Sunning my face on outside a restaurant in the Los Lagos region town of Entre Lagos after a lovely lunch of salmon recommended by its friendly chef herself. Between the flowers and other colours which would have made the impressionist painters of yore green with envy, you can look around you – at sights overlooking for example the lovely Lake Puyehue, for example – and think, this is truly paradise.
Days of Adventure & Adrenaline
The lower central part of this country, called Sur Chico, is especially rich in dramatic scenery including lakes and volcanoes, and a hotbed of adventure tourism.
And then of course there’s the majestic far south of Chile, Patagonia, home to South America’s most amazing national park, Torres del Paine. The best access point is Puerto Natales and the spectacular “W circuit” of the park lasts four to five days (W because its peak-and-valley-filled route resembles that letter). And your heart will be joyfully racing when you find yourself hiking mighty glaciers such as Grey. Sure beats mind-numbing meetings and stupid emails back at work!
From capital Santiago, Los Lagos region capital Puerto Montt is less than a two-hour flight away – and another 15-minute drive from here takes you to laid back, low-slung Puerto Varas on the shores of Lake Llanquihue, which makes an excellent base for enoying the many local adventures available to all levels of skill and experience. And right outside town, you have access to natural wonders such as Osorno Volcano.
And it was at the Puerto Varas hostel where the enthusiasm of fellow travellers convinced me to hop a bus to nearby Cochamó Valley – especially enticing because it’s a little known and pretty challenging ride along narrow, vertiginous roads to an exceptional granite landscape that’s a magnet for experienced climbers. The trail to La Junta is especially worthwhile, including a dip in its crystalline waterfalls. But another excellent local option here is to hook up with the friendly, highly competent mountain guides of the Puyehue and neighbouring Vicente Pérez Rosales national parks for adventures including hiking between the lakes and lunar-like landscapes at the foot of Osorno, as well as the 2,240-metre (7,350-foot) ascent of the Puyehue Volcano.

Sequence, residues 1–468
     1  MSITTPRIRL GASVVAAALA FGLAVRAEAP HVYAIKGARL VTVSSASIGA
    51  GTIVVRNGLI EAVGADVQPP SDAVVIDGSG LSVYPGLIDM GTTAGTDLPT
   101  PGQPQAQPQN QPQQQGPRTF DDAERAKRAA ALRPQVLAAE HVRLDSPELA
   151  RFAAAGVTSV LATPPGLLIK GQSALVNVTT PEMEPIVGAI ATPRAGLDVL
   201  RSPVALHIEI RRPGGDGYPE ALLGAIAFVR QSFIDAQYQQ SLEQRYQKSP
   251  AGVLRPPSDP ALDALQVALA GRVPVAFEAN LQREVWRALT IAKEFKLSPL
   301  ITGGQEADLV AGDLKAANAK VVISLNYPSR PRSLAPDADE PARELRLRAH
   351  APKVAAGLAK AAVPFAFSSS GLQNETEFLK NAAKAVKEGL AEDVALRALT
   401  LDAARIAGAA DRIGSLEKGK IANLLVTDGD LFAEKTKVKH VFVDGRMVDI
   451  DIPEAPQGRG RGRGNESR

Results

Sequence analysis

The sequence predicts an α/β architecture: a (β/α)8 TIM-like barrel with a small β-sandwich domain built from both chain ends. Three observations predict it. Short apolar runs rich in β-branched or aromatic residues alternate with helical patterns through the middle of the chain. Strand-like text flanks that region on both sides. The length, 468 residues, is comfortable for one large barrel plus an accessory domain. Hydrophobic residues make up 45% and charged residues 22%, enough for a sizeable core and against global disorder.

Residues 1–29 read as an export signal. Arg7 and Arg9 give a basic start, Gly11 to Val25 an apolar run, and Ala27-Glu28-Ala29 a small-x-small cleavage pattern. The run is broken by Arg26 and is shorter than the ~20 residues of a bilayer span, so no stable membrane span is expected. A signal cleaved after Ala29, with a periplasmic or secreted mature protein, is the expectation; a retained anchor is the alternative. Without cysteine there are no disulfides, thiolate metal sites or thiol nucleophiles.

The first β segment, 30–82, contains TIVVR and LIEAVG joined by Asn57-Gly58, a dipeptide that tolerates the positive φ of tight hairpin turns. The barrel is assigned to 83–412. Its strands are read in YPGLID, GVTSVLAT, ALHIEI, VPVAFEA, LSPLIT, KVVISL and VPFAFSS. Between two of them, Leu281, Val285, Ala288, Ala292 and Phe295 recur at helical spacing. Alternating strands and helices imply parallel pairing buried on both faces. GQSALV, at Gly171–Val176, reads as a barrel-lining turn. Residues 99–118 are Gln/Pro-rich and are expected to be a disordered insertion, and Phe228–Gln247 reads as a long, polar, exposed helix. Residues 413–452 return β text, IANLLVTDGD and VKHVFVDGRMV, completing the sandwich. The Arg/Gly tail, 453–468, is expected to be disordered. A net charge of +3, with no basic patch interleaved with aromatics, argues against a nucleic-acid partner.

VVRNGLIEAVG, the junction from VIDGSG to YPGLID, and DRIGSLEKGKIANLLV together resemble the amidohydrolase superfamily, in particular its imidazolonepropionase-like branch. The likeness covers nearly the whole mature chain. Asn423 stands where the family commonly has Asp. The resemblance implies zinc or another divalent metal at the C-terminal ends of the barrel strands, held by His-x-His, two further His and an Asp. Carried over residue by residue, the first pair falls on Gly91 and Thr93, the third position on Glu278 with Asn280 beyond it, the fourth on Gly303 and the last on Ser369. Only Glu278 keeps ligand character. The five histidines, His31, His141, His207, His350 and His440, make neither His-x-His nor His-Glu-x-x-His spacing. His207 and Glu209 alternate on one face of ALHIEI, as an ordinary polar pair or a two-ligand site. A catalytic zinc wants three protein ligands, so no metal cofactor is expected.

And a quick ferry ride off its coast is one of South America’s coolest islands – no not Rapa Nui, aka Easter Island, mega-cool though that is. I’m talking here about the distinctive Chiloé, with its famous houses on stilts, iconic wooden churches, mystical traditions, penguin colonies, and whale watching.
A four-hour drive north of here, lakeside Pucón in the region of La Araucanía, is another ideal spot for adventure activities and extreme sports – top stars being kayaking on Lake Villarricael and some pretty rad whitewater rafting on nearby rivers.
Seeing Stars in the World’s Best Dark Skies
Now we turn to the semi-deserts of the country’s north, whose skies boast a clarity and visibility unique in the world. Up here in the Elqui Valley, for example, you can rent a bike and explore the route of the local distilled grape liquor pisco by day, then by night. But then once night falls, the highlight is taking one of the local excursions to observatories such as Mamalluca and El Pangue, where whether you’re an astronomy geek or not, you’ll be blown away by the excitingly sharp views of extraterrestrial wonders such as Saturn and the constellation Scorpio. You can even overnight in an astronomy-oriented hotel called Elqui Domos, which includes a double-dome observatory to drink in as much of the gloriously star-spangled firmament as you desire.
Another wonderful area for stargazing is a few hours north of here, in the full-on desert Antofagasta region, whose main town San Pedro de Atacama, is home to a similar set of tours, observatories, and hotel Explora Atacama (though it is closed for remodeling till October 2016).
Add welcoming people, tasty table treats, and plenty more attractions, and you’ll find Chile to be an adventurous star, indeed… 😉